The apparent deliberate circulation of false rumours about HBOS, which caused a temporary slump in the bank’s share price, has caused such concern that Alistair Darling, the chancellor, has proposed a new immunity for whistleblowers who can identify those responsible for market abuse. The Financial Services Authority is said to be conducting an investigation into the rumours and also into reports that a UK hedge fund had a concerted policy of influencing share prices by sowing false allegations in the market.

This speedy response is no doubt welcome to financial institutions. However, there are increasingly sophisticated legal and technical means that a business itself can take to track down those responsible for disseminating false and harmful material about it.

There are many means of spreading false rumours. The internet has been a boon for those who run campaigns of hate and misinformation with the aim of damaging businesses and individuals. Many think they can establish a website and post any material they like on it, hiding behind an ostensible cloak of anonymity. Others may set up e-mail accounts in false names from which to send illicit e-mails in the belief that they will not get caught.

A business has a number of ways to respond. It can seek to engage the regulatory and prosecuting authorities to identify the perpetrators. But the authorities may not prioritise the matter or have the requisite resources or experience. Alternatively, the business may attempt a public relations response, denying the allegations publicly. However, that may succeed only so far unless the source of the allegations is found and shut down. For these reasons, businesses are turning to civil means to identify and stop the culprits.

Most internet activities leave a trace. Each e-mail includes a header that contains technical information about the route by which it was sent and which can identify the sender’s computer. The same is true of postings on discussion forums and social networking websites, where identifying data are often held by site operators. Equally, the service provider that hosts a website may be required by a court order to disclose any details it has about the site owner. The content of e-mails, postings or websites may also give clues as to the identity of the person responsible. Through a mixture of technical and legal means, often taking in various jurisdictions, those responsible might not be as anonymous as they may think.

We recently acted for a business that was subject to a harmful campaign on an anonymous website. The perpetrators thought they would never be found out. But after a careful investigation, proceedings were issued and judgment has now been entered against three individuals and a company and they are having to pay very substantial damages for the libels and harassment.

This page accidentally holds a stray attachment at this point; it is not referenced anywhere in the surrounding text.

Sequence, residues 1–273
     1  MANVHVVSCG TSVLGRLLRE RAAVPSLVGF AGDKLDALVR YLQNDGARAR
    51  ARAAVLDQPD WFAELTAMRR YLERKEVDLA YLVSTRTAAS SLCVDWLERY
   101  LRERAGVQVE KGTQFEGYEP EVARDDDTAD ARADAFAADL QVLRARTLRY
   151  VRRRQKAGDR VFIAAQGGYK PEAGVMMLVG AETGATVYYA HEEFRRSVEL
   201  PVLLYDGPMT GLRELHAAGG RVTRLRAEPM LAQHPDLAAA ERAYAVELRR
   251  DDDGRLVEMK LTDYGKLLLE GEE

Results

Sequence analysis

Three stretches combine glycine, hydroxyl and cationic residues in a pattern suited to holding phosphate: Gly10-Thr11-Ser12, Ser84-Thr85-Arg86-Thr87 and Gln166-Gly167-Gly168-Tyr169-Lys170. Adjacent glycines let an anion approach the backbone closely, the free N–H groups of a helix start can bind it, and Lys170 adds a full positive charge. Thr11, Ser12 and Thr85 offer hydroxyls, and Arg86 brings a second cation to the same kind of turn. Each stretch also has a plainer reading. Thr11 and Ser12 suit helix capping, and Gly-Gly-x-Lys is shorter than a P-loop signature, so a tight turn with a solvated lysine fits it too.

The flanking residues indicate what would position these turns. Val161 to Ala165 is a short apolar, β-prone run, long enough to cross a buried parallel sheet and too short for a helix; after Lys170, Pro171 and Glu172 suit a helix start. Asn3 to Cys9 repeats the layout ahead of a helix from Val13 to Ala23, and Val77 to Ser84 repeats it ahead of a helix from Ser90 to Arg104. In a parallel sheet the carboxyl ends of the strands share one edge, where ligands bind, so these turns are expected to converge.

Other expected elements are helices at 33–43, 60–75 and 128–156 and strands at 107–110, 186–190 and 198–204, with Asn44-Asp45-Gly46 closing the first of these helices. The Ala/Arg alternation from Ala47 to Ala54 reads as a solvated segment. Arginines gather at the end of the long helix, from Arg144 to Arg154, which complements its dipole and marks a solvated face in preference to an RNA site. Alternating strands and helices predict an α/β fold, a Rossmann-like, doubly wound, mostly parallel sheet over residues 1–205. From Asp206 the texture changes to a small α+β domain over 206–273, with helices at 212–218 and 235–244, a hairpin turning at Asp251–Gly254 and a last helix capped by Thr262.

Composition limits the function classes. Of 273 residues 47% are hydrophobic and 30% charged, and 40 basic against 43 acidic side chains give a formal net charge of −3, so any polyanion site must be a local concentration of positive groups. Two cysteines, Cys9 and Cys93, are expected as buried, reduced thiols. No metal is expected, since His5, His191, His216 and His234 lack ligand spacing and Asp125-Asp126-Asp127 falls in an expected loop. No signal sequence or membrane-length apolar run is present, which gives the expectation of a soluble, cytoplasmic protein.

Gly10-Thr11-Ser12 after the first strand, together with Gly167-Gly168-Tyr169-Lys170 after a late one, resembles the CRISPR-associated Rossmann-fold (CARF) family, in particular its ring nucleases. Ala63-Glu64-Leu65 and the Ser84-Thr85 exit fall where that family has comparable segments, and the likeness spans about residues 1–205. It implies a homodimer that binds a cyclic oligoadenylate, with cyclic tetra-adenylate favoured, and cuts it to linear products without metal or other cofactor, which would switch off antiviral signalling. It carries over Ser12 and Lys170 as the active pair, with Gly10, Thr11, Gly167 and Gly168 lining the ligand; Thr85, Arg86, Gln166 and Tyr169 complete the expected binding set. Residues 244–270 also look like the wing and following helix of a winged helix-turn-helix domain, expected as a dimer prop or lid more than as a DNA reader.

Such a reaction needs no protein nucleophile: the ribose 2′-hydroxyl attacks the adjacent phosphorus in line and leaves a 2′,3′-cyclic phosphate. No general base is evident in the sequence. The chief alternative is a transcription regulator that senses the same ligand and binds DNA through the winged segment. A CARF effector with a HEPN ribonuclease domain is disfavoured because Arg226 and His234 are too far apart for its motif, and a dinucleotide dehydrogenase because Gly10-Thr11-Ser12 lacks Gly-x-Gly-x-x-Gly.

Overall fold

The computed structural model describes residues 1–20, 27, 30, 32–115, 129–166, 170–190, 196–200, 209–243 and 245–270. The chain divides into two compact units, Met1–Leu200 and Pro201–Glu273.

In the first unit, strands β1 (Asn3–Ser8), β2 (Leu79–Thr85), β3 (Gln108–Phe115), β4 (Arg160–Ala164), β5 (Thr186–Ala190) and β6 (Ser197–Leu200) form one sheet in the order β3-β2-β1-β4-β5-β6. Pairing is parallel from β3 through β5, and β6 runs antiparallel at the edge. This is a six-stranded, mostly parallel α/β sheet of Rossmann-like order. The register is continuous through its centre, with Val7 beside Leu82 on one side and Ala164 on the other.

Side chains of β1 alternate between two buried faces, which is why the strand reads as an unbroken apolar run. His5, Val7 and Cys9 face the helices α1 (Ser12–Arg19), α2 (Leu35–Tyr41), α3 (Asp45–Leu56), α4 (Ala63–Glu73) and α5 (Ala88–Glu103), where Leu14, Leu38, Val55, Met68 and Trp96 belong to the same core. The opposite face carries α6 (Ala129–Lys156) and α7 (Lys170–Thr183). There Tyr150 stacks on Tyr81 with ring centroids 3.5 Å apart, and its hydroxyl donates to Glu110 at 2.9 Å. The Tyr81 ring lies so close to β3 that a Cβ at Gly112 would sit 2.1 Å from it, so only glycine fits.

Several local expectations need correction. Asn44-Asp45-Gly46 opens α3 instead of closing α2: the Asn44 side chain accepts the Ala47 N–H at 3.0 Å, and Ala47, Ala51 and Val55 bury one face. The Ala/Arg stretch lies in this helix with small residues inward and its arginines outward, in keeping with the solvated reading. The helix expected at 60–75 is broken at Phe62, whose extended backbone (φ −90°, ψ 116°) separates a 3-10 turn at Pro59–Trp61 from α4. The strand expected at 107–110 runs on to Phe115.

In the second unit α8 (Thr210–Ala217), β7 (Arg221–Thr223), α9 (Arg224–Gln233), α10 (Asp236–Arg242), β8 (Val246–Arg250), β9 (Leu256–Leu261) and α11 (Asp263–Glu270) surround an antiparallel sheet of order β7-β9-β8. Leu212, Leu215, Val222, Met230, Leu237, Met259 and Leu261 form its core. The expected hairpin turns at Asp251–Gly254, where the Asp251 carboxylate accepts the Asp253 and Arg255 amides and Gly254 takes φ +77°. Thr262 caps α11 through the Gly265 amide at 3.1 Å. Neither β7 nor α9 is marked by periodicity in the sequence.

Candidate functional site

Another effective option, where an anonymous and unlawful e-mail has been sent, is to obtain an order from the court not only restraining the unknown sender (one no longer needs to know the name of the defendant) from further dissemination of the material in question but also requiring him to come forward and identify himself. Such an order can be posted to the address from which the e-mail was sent: it can be explained to the sender that intensive steps are being taken to track him down and that, if he does not come forward, when he is identified, not only will he face a legal action but he will also be in contempt of court and may face prison. Such an approach can have a salutary effect.

When the guilty party has been properly identified, it is likely that he will quickly settle, giving the appropriate undertakings not to repeat the activity complained of and potentially having to pay a hefty amount in damages and legal costs. This can be as significant a punishment as anything likely to be handed out by a regulator.

In order to pursue rumour mongers in this way, the victim must have a potential civil cause of action against them. Often, there will be a possible claim in libel. In other situations, there may be claims in harassment, copyright infringement, or breach of privacy and confidence. In respect of the HBOS rumours, the bank and its shareholders may also have a claim for damages under the Financial Services and Markets Act.

False and anonymous allegations are an increasing feature of business life. The civil law offers a variety of effective techniques that can lead to the identification of those responsible. Those circulating such allegations do so at considerable personal risk.

The writer is a partner in the media litigation department at Olswang

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